The biotechnology company, Colossal, intends to revive the Woolley Mammoth as soon as 2027, medium.com reported in January of this year.
The biosciences company lays out a ten-step process for how they will resurrect the Woolley Mammoth.
Step one is to locate well-preserved mammoth samples. This step is simple as mammoths frequently colder regions such that, when they died, ice and frost preserved the carcasses of some individuals in excellent condition.
In fact, some such instances were so well preserved that scientists were able to collect samples of hair, skin, tusks, meat, and even stomach contents.
After step two, sequencing the mammoth genome, step three is to sequence the Asian elephant genome.
Colossal notes the similarity between these animals, the two sharing 99.6% of their genetic makeup,
Step four is to identify the important genes that enable the mammoth to thrive in cold environments.
The fifth step is to replace sequences of elephant DNA in elephant cells with corresponding mammoth DNA sequences.
The sixth step is to edit the relevant genes with the cold-hardy genes identified previously to create an elephant breed adapted for cold climates.
Step seven is to test the cells to ensure that they are exhibiting the engineered traits using stem cell technology.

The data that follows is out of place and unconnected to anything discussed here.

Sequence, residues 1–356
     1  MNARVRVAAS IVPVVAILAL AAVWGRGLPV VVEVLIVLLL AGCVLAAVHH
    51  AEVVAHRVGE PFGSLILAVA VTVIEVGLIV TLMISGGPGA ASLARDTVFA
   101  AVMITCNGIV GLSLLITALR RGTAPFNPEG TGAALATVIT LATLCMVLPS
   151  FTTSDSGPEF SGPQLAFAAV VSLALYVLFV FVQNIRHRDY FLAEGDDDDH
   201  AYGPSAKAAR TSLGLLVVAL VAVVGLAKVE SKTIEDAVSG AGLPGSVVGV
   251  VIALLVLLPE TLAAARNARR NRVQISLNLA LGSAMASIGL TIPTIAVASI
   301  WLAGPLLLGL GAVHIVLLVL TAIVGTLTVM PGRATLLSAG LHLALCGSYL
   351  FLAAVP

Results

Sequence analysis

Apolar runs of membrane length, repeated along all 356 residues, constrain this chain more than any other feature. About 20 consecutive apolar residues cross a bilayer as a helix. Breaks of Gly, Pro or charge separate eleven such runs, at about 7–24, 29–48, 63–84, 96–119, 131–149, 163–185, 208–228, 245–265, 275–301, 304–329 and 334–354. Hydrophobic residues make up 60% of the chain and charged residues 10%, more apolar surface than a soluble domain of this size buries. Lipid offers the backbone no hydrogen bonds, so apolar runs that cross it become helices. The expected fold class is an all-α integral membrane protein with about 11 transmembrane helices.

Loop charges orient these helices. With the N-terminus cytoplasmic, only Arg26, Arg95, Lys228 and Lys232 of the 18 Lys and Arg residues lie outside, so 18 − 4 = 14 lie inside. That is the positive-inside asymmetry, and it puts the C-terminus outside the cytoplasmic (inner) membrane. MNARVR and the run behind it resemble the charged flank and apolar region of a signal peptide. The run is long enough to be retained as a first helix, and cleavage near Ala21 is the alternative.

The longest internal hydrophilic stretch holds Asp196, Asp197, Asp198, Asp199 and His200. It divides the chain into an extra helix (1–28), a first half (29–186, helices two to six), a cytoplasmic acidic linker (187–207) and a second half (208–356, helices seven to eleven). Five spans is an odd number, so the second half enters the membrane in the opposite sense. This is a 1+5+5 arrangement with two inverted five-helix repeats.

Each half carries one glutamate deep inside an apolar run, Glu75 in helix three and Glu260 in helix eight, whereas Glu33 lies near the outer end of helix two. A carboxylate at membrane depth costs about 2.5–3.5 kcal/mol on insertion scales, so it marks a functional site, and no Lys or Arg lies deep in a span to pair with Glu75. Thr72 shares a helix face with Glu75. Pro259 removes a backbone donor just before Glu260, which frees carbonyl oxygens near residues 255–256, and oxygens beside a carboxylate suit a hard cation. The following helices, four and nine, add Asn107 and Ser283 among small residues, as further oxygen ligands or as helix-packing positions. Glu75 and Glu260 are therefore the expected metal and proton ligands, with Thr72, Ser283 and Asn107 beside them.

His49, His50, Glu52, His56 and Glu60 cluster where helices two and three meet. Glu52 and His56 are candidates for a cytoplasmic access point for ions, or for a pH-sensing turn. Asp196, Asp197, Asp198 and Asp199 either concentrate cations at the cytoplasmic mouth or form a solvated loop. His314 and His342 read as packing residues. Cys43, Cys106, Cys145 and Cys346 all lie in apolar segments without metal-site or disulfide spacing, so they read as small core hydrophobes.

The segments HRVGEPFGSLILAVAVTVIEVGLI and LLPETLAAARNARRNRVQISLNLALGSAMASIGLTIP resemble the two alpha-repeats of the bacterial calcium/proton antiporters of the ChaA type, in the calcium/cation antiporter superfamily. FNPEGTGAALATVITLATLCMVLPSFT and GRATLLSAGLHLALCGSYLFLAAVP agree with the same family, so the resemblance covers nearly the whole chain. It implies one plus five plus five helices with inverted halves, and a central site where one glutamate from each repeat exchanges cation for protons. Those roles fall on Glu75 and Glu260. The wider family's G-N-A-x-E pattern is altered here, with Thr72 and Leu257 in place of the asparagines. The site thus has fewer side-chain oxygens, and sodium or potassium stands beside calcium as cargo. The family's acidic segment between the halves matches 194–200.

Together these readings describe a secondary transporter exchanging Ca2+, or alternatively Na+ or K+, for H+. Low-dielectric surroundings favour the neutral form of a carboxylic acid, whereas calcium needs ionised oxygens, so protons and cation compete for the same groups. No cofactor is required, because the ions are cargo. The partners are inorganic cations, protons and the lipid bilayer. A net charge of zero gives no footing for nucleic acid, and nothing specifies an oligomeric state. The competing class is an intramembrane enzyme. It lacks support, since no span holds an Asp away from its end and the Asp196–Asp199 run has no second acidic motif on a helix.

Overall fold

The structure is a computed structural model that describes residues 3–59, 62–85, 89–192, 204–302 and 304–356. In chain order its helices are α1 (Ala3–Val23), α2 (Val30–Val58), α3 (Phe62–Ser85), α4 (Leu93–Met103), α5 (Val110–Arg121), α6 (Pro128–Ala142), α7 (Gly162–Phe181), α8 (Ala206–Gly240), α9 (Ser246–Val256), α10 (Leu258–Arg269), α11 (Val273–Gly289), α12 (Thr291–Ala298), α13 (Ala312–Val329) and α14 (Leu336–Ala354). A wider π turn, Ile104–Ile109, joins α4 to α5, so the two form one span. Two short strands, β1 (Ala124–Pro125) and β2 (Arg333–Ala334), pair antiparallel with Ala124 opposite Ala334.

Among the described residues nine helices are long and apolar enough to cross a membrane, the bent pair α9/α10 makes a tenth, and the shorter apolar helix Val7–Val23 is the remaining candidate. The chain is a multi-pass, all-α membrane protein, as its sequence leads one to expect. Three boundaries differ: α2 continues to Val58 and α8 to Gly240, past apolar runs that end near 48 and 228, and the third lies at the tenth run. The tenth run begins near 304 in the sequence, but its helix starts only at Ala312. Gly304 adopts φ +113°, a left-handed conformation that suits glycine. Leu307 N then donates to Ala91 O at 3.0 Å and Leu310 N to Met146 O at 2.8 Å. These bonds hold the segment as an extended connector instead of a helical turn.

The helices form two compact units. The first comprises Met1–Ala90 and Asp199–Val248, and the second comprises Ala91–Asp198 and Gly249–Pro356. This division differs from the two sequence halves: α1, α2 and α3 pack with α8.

Step eight is to fuse the nucleus of the engineered cells into a harvested Asian elephant egg.
Penultimately, step nine is to implant the embryo into an Asian elephant surrogate and finally, step ten is to care for and monitor the surrogate mother as the mammoth fetus gestates and is born.
Colossal notes that the revolutionary genome editing tool they are using to resurrect the Woolley Mammoth is called CRISPR, and they intend to use it to close the 0.4% genetic gap between mammoths and Asian elephants.
Will Woolley Mammoths help the planet?
Colossal expects the reintroduction of the Woolley Mammoth to be a boon for the environment as well.
The company predicts the effects of the mammoth to include increasing carbon sequestration through increased plant and forb growth, increased nutrient cycling, and compacting the Earth to facilitate deeper penetration of winter soil freezing.
Furthermore, they believe the altered plant topology will aid in the Albedo effect, reflecting more sunlight back into space. Enhanced plant topology could also aid evapotranspiration, thereby lowering soil moisture and decreasing waterlogging.